I suspect Adams will get drafted and that he has a good chance to climb from the late to the middle rounds if he continues to up his game, as he did with a sparkling performance against USC last weekend. I like Adams' confidence and the way he competes, so I also suspect he'll do well at the Combine -- I'm assuming he gets invited -- and in postseason workouts.
The most obvious comparison is Russell Wilson, who was foolishly dismissed by some because of his height, at 5-foot-11 about the same as Adams. Height does matter, but we've seen enough from players like Wilson and Drew Brees to know it's not a deal-killer.
Adams strength is improvisation. That tends to be less valued in the NFL. As important as anything for Adams is getting in the right situation with the right coach and schemes.
Jeff from San Jose writes: There's going to be A LOT of big college programs looking for new head coaches this offseason. What are the odds that Rich Rod gets poached from my Wildcats for a bigger program? Or would a silver lining to this disappointing season be some ADs might not be too keen on hiring a coach off a 6-6 season?
Ted Miller: Arizona fans should keep their fingers crossed, because Rich Rodriguez's name has been bandied about in connection to several jobs, most notably Virginia Tech and South Carolina.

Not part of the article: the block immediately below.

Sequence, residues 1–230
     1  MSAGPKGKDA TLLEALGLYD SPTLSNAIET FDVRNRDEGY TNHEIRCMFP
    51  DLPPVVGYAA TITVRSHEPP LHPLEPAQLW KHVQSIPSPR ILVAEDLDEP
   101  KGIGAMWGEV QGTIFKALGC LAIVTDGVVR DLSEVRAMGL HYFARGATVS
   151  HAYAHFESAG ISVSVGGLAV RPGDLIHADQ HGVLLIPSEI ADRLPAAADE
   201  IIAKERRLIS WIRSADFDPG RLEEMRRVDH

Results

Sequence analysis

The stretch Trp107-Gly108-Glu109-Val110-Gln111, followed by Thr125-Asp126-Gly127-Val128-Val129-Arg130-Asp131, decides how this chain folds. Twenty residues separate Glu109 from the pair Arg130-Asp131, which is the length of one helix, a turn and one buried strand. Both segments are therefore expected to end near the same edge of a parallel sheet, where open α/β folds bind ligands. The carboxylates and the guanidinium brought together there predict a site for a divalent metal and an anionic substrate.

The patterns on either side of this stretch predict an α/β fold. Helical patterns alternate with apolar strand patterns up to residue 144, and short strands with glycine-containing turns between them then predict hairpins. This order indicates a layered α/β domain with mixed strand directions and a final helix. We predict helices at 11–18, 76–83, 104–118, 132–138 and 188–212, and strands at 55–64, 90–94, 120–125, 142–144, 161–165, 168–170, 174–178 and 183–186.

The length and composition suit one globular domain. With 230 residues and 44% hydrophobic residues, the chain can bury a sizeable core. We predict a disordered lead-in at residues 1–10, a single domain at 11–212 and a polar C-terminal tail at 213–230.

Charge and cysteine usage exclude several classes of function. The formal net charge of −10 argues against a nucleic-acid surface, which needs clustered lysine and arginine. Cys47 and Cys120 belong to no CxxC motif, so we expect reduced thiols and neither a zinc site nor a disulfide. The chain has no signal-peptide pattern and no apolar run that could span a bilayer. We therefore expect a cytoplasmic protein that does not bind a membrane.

That said, the chatter seems to have quieted a bit, which might only mean that media speculation has given way to backroom talks that have remained secret.
Though I won't put odds on it, I think Rich Rod only leaves for an A-list offer, one that feels like a long-term, destination job for the 52-year-old and his family. In the preseason, he told me "been there done that," when I asked him about leaving for a job with more resources than Arizona.
Rodriguez works for one of the best ADs in the business in Greg Byrne. He's got a special stock deal that rewards him if he remains in Tucson for eight years, and that could turn out to be highly lucrative. His family has rooted in pretty deeply in Tucson -- his daughter is a Wildcats cheerleader and his son is a junior starting QB for his high school.
Moreover, if Rich Rod left, he might not get to talk to me as much, something we all can agree would be a major downside to leaving.
Katie writes: Do you think there will be much of a difference between Luke Falk and Peyton Bender?
Ted Miller: Well, I've been voting for Luke Falk in the ESPN.com Heisman Trophy poll, so I obviously think he's one of the best and most productive players in the nation. So, yeah, I see a difference, the most obvious contrast being Bender has never started a game and Falk is the nation's No. 2 passer.
Falk is a known quantity, a big reason for the Cougars' surge this season. If he can't play against Washington on Friday, that's a big loss.
That doesn't mean Bender can't get the job done. It only means we have no idea what he might look like against the best defense in the Pac-12.
But, ultimately, your question probably gets answered Friday when Bender steps into the spotlight and leads the offense and we can judge him by his play.